Government may open up opaque Hong Kong land deals which ‘favour the rich’
Development chief admits ‘transparency can be improved’ and says bureau plans to give more information on controversial short-term leases of public land
The public may soon be given information on the plots of government land leased to people at undisclosed prices under what has been decried as an opaque system favouring the rich.
Secretary for Development Michael Wong Wai-lun said he hoped the disclosures would come next year, and that his bureau would publish information on some 800 government sites up for short-term lease applications later this year.
That came after a land concern group released a study which found at least three hectares of public land, about the size of three soccer pitches, had been leased out through 31 short-term contracts, and was hosting 23 private swimming pools and eight private tennis courts.
The Liber Research Community accused the government of making private deals with the city’s rich, granting them public land to expand their homes at undisclosed prices, while taking away other citizens’ chances of using the sites.
“The [government’s] transparency can indeed be improved,” Wong said. “But we’ve been working on [improving] this.”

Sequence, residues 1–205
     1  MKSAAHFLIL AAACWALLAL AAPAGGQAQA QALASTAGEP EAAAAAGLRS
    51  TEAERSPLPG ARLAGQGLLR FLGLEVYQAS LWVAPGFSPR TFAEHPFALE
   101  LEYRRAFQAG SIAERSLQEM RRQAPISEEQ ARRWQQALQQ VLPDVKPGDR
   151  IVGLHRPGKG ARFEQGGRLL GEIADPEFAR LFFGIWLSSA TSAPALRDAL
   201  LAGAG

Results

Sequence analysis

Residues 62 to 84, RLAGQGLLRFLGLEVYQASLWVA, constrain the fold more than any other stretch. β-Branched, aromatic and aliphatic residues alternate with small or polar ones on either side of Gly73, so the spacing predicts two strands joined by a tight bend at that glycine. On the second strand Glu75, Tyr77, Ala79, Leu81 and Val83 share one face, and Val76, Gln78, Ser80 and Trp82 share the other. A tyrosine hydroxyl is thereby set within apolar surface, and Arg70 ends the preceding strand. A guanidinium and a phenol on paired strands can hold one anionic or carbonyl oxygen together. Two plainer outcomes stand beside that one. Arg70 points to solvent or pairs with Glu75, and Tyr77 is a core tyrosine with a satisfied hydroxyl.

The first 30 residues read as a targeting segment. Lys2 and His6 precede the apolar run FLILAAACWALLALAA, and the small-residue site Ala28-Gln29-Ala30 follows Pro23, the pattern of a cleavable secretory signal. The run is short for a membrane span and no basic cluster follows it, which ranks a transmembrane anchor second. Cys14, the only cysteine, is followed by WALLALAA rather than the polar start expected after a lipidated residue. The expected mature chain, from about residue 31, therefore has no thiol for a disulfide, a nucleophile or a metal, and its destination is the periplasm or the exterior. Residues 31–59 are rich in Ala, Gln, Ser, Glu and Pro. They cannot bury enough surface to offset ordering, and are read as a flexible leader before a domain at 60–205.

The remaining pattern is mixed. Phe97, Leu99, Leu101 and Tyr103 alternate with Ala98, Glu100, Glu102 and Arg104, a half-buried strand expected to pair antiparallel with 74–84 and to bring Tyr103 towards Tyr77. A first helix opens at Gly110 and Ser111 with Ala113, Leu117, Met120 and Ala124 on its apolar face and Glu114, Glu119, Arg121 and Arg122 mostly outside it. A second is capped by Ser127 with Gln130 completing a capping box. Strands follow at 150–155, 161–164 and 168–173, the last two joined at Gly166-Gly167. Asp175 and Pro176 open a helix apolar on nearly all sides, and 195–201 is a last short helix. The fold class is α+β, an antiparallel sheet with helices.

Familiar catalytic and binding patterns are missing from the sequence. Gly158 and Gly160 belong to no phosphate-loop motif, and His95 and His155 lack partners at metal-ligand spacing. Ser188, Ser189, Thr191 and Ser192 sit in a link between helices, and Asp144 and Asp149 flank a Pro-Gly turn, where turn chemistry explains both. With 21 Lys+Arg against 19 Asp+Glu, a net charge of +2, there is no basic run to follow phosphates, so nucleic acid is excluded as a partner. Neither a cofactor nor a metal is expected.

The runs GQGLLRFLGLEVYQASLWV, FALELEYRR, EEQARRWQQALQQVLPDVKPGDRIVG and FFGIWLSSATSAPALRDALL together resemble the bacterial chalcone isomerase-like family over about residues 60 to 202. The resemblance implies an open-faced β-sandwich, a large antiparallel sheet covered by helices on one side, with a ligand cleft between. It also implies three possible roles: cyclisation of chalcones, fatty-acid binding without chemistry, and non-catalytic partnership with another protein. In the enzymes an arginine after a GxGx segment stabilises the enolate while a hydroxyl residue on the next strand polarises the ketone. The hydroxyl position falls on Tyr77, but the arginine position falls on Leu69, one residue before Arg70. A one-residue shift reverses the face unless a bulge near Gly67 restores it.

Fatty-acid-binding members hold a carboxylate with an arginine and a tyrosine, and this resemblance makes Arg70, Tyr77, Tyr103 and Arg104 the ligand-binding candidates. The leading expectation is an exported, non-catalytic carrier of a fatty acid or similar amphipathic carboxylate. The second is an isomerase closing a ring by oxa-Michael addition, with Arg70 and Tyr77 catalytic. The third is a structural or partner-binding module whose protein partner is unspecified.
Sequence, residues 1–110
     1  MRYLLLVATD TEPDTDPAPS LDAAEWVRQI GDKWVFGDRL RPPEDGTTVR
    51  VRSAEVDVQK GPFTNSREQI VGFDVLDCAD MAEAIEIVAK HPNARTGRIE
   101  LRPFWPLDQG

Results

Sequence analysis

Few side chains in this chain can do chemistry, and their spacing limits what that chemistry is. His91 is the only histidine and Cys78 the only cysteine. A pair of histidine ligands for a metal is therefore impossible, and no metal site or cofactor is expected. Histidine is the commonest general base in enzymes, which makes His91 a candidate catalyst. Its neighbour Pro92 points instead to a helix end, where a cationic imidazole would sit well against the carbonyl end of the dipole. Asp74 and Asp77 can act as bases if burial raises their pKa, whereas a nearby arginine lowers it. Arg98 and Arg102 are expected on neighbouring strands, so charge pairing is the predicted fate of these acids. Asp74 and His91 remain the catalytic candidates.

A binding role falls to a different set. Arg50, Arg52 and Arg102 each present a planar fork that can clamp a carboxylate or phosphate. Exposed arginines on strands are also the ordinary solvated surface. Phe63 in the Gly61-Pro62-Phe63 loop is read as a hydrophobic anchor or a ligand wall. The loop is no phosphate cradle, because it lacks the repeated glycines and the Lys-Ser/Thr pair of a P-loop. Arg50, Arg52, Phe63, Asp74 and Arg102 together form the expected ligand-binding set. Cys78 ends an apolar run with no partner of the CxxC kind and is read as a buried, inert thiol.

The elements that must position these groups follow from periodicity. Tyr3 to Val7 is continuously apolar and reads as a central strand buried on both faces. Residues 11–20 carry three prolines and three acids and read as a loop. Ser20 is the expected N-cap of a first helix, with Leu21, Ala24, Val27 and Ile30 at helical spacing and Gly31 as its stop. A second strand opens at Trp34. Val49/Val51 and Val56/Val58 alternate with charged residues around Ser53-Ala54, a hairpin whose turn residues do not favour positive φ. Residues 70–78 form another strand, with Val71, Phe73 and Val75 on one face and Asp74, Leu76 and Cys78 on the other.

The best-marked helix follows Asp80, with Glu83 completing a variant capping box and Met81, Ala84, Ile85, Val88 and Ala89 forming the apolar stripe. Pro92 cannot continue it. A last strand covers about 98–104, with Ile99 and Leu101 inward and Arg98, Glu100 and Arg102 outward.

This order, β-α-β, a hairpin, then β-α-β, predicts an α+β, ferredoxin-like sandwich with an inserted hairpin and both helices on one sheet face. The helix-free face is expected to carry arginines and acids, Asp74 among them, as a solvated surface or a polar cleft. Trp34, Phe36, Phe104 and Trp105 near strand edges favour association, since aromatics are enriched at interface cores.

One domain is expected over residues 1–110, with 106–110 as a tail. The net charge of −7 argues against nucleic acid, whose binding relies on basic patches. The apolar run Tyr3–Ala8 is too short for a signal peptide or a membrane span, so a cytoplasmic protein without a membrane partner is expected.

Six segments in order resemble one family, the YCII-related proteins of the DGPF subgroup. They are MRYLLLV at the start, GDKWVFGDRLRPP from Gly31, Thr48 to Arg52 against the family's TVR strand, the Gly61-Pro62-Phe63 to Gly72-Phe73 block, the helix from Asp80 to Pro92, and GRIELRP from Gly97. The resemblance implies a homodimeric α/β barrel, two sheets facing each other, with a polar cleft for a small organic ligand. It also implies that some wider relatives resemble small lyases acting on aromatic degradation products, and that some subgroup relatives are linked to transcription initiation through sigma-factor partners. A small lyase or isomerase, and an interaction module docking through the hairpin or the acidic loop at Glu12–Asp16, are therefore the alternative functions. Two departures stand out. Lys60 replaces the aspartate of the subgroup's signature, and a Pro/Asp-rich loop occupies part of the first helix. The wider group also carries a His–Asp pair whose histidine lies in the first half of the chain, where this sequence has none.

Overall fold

There are 5,300 short-term agreements leasing out public land, covering 2,400 hectares. Hong Kong International Airport accounts for 60 per cent of that land total.
The government mainly puts such sites up for open tender, but also grants sites directly to applicants for non-profit-making uses, if it sees fit.
Wong said the government hoped to disclose the locations, boundaries and rental price of all newly inked short-term contracts from next year.
For contracts already signed, he said the bureau would make it clear to tenants negotiating renewals that it would make that information public, and it would be up to the tenant whether to take the deal.
Some people have called for all short-term lets to go to public tender.
But Wong said some sites directly leased to people were close to their homes, with limited public access. Others included construction sites, security guard kiosks and similar facilities, he added.
He said if all those sites needed to go through public tender every time, there might be no one else willing to join the process, meaning a long and pointless procedure for a tenancy that only lasts up to five years.
But Liber group researcher Chan Kim-ching said one third of the 31 sites housing private gardens – though neighbouring the tenants’ homes – had public access.
“What criteria does the government use to decide that other members of the public do not want to use these sites?” he asked.
Chan urged the bureau to not only disclose the rent price of the deals, but information on the tenants and reasons for approving the applications too.
He said that public tenders, even with only one applicant per site, could ensure the government leases out sites at market rates.
The Ombudsman recently criticised the government for delaying action on illegal uses of public land. Wong said the Lands Department had a backlog of 2,000 such cases and promised to clear them in the coming two to three years.